Bell Peppers are another easy to grow garden crop. Growing Bell Peppers is like growing Tomatoes and Potatoes, in that their growing requirements are similar. Bell Peppers are the second most grown vegetable, behind tomatoes. They come in many sizes, types and heat ranges, to suit any person’s taste. We mainly grow the large green bell peppers for adding into many recipes.
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Soil Preparation and Planting:
Growing Bell Peppers requires a planting site that receives full sun. Don’t grow them where tomatoes or eggplants grew last year, as they are susceptible to the same diseases. Make sure your soil is well-drained to avoid root rot from standing water.
Plant your seeds 1/4″ deep, and 18″ apart. They may take up to 2 weeks to sprout, so be patient. After the plant is about 6″ tall, pinch off the growing point to encourage bushiness.
Try not to transplant; this may damage the root system. Instead, plant indoors in peat pots, then put the whole plant outside when the seedlings are 4-6″ tall, and after danger of frost has passed. Plant in the garden after the soil temperature averages at least 60 degrees. Try to transplant on a cloudy day or in the evening to avoid the sun burning the leaves.
Plant your peppers about 18″ apart. A close planting will shade the fruit on the inside of the plants, preventing sunburn. It also shades the soil, keeping weeds at bay, and the soil moisture up.
Tips for Growing Bell Peppers:
Keep the soil evenly moist. Water deeply during dry spells, and mulch around the plants to keep the soil moist. Try not to water the leaves; instead, water around the base of the plants.
Pull weeds gently, or cut the weeds off at ground level to avoid damaging the pepper roots.
Fertilize with a 5-5-5 or 10-10-10 fertilizer if the leaves are pale green; otherwise, peppers usually do not need fertilizing. Too much nitrogen will encourage leaf growth, at the expense of fruit production. You can use greensand in the soil to increase potash, or Epsom salts on the leaves to correct a magnesium deficiency.
Stake up the plant as it grows to prevent branches breaking from heavy fruit and wind damage. I use the small tomato cages, but they still need staking. The branches get heavy from the fruit, and the tomato cages may fall over. Be sure to train the branches to stay inside the cage to avoid them breaking on the cage wire. This has happened to me more than once.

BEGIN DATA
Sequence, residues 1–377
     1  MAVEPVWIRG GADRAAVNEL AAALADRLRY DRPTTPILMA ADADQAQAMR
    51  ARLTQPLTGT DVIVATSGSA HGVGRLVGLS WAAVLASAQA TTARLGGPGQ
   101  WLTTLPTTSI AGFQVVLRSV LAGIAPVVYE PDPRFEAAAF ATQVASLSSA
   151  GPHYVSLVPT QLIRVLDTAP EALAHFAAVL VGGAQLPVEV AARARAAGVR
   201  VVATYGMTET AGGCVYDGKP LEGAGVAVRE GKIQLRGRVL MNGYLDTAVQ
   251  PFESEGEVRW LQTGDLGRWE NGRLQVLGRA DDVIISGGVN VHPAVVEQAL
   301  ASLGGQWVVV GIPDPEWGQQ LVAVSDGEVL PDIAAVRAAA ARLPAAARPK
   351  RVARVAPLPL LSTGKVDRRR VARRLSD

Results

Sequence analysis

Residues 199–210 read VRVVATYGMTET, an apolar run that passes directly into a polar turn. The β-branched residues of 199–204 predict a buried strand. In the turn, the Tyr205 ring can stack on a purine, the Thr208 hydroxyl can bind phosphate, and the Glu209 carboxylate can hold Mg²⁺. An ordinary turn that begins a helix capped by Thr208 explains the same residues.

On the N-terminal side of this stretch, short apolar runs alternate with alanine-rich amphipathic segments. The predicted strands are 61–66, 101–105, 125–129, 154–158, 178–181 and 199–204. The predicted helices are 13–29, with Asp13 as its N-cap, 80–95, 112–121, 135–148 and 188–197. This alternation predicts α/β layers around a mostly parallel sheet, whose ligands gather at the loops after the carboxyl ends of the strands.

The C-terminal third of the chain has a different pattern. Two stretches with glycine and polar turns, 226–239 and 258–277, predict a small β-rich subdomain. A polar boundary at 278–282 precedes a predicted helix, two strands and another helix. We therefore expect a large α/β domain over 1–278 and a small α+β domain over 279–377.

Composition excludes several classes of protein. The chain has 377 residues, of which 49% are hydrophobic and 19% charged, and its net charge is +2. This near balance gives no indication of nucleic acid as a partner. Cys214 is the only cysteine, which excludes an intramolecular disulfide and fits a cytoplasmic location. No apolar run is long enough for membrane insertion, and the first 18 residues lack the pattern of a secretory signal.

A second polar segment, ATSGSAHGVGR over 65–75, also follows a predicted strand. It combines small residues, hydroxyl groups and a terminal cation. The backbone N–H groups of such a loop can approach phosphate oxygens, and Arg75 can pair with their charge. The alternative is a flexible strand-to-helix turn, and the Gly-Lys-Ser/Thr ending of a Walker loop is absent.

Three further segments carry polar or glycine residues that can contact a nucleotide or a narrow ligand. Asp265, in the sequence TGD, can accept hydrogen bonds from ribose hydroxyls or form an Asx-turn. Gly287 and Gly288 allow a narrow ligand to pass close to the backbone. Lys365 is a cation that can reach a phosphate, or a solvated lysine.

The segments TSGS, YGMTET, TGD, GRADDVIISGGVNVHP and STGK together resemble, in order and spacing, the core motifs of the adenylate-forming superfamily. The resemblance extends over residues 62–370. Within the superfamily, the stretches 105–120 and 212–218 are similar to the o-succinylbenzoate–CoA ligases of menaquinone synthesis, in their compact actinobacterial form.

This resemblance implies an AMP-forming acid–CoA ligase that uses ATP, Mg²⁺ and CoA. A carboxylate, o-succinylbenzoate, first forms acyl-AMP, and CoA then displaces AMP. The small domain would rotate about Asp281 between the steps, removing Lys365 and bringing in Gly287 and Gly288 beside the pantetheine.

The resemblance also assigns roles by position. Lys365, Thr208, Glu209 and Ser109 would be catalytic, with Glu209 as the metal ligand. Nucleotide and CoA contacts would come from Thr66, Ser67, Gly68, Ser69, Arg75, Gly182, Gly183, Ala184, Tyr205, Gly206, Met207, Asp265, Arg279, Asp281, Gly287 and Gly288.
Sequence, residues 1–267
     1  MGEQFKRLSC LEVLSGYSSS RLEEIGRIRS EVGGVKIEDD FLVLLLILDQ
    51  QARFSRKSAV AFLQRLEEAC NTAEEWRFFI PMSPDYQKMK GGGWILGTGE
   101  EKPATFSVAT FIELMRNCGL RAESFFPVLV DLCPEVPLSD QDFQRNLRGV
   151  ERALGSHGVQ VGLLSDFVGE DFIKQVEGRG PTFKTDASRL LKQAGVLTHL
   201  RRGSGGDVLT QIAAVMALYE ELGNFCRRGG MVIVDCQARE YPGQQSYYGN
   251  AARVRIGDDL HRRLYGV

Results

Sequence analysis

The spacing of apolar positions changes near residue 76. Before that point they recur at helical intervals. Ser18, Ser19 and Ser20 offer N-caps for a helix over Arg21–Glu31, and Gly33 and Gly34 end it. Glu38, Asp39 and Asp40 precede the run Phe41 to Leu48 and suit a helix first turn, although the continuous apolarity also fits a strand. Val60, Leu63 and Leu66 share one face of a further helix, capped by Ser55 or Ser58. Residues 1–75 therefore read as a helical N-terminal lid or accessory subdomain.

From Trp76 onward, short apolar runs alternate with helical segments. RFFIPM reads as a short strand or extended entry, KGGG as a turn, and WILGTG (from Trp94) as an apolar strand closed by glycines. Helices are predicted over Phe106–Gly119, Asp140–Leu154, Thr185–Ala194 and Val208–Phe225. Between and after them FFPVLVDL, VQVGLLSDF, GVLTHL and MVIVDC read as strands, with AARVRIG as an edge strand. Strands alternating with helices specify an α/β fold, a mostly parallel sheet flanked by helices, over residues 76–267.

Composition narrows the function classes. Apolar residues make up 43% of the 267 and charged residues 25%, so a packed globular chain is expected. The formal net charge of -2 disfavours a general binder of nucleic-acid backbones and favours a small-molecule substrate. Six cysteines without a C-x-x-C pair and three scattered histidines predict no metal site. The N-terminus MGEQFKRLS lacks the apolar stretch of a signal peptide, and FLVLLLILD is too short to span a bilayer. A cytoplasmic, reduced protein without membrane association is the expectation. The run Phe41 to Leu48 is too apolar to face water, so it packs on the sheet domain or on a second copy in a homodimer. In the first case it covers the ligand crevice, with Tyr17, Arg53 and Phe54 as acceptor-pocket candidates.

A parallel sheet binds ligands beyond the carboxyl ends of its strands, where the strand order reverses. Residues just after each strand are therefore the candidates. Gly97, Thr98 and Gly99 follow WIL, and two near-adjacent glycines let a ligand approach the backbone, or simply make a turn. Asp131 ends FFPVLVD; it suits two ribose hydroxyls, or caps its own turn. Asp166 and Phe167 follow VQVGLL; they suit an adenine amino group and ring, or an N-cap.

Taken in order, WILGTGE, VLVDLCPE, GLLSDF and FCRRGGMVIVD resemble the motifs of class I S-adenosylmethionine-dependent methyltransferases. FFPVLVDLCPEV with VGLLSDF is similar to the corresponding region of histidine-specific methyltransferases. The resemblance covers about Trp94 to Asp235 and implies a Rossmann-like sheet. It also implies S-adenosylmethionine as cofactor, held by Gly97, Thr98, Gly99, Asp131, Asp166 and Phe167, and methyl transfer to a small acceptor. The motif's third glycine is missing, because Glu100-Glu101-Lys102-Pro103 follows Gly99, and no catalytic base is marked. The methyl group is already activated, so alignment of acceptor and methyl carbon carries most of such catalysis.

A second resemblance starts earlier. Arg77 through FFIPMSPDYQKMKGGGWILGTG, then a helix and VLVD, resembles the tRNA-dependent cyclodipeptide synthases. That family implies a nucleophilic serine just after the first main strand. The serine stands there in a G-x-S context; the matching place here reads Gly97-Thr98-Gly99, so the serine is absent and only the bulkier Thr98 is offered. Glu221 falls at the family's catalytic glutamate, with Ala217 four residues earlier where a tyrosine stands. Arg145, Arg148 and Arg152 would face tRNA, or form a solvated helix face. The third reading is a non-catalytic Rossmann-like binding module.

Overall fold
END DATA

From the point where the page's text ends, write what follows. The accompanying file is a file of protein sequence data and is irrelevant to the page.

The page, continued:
After the temperatures reach 90 degrees, blossoms may drop off, and fruit production stop. Last year, this did not stop our peppers from producing all summer long, and into the fall months.
Pests and other Problems:
The Pepper Weevil will chew holes in blossoms and buds, causing misshapen fruit. Keep any crop debris down, and hand-pick any bugs you see.
Aphids and Colorado Potato Beetles, cutworms and hornworms are occasional pests. Beneficial insects like Ladybugs, lacewing flies and praying mantises consume aphids. Companion plantings of Eggplant, flax and green beans planted nearby help repel Colorado potato beetles. Planting Tansy will discourage cutworms.
There are also some plant diseases to watch for: Anthracnose infection, Bacterial spot, Early Blight, Verticillium wilt, or Mosaic. Crop rotation is the best defense against bacterial diseases. Rotate your crops on a 3-year plan to help with this problem.
Harvesting Your Peppers:
Peppers will produce over a long span of time. To encourage more production, harvest peppers before they mature. However, mature peppers have the best flavor. Many peppers change colors as they mature, from green to red, yellow or orange.
Cut the pepper, don’t pull it from the plant to avoid damaging the plant. In the fall, harvest all the peppers before a frost is predicted.
Saving Pepper Seeds:
Seeds from store bought peppers are usually not ideal; they may not sprout, and if they do, they may not produce well. Use open-pollinated, heirloom or non-hybrid seed varieties. Pick one pepper to save for seeds. Wait until the fruit is just past the ripe stage, and the skin begins to wrinkle. Cut the pepper open, and shake the seeds out onto a paper plate for drying. Dry for a week or two to allow for complete drying.
Store the seeds in a paper envelope or glass jar. If you use glass jars, include a packet of silica gel to absorb moisture. If you see your jar has moisture condensing on the inside, pull the seeds out immediately and dry them again to avoid mildew and rot.
Store the harvested seeds in a dark, cool place until you are ready to plant. They will stay viable for at least 2 years.
How is your experiences growing Bell Peppers? What is your favorite variety? Which Bell Pepper grows best in your area? Let the community know in the comment section below!